The walk to the lake was not long, about 2 miles or so. We had lunch at an alpine hut, which served a simple walker’s lunch.  Then we walked up the path from the lake to the col on the side of the Montagne de l’ hiver. From here we had clear views across a steep valley of the Dents Blanches (2756m) and the Dents Du Midi (3257m).

These majestic lines of sheer rock, especially the Dents du Midi look just like ragged teeth and are aptly named. We returned to the ski lifts along the same path. It had been a clear sunny day and it felt good to be out walking at such high altitudes, looking out over the top of the world.

On the second day we visited the local market in Chatel in the morning, well stocked with excellent local dairy produce and honey. Later we had a shorter afternoon walk to the delightful Lac d’ Avouin. We journey first by car, along the road back down the valley towards L’Chappelle d’Abondance, taking a turn to the right at La Ville du Nant, in the direction of ‘Le Ryz’. This led up to informal car parking at the end of the tarmac road on the route to the Col du Conche. Here we headed off on foot, following the footpath sign to the left for the Lac d’Avouin.

This was a splendid short walk along the side of a small valley leading up to the lake, passing through a delightful belt of conifer trees. Lac d‘Avouin, a small tarn sitting at the base of a circular ridge, is guarded on one side by a sheer rock wall, leaving a narrow gap for the approaching path.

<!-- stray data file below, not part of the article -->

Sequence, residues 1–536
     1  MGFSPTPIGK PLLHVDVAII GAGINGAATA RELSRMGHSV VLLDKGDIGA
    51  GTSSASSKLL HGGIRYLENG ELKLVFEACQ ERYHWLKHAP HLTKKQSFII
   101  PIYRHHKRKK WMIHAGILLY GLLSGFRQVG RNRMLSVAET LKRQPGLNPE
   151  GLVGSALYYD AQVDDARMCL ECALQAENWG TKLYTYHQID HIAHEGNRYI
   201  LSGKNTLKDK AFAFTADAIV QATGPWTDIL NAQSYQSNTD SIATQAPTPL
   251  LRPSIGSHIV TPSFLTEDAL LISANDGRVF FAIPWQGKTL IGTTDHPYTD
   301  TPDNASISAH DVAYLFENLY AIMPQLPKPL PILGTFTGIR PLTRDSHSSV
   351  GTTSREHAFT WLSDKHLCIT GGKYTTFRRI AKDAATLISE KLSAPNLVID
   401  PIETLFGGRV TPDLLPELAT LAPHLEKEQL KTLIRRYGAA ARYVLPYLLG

Behind the lake the land rises more steadily to paths leading to the Col Serpintinand the Col de Conche.

From these vantage points the horizon opens up to reveal the summit ofMont Blanc, its snow-covered triangular cone summit appearing through a gap in the mountains. We stopped to sit by the lake before returning along the same route back to the car. This was a perfect afternoon stroll.

Here is the view of the snow covered Mont Blanc:

We left early the following morning as the Sun was coming up over the mountains, another clear day with warm sunshine and clear blue skies in prospect. Having sampled the delights of the area we vowed to return for a longer stay and the sooner the better.

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About jonathanspain

My blog reflects my interests in local history in South Cambridgeshire, growing your own food, and walking in the district and elsewhere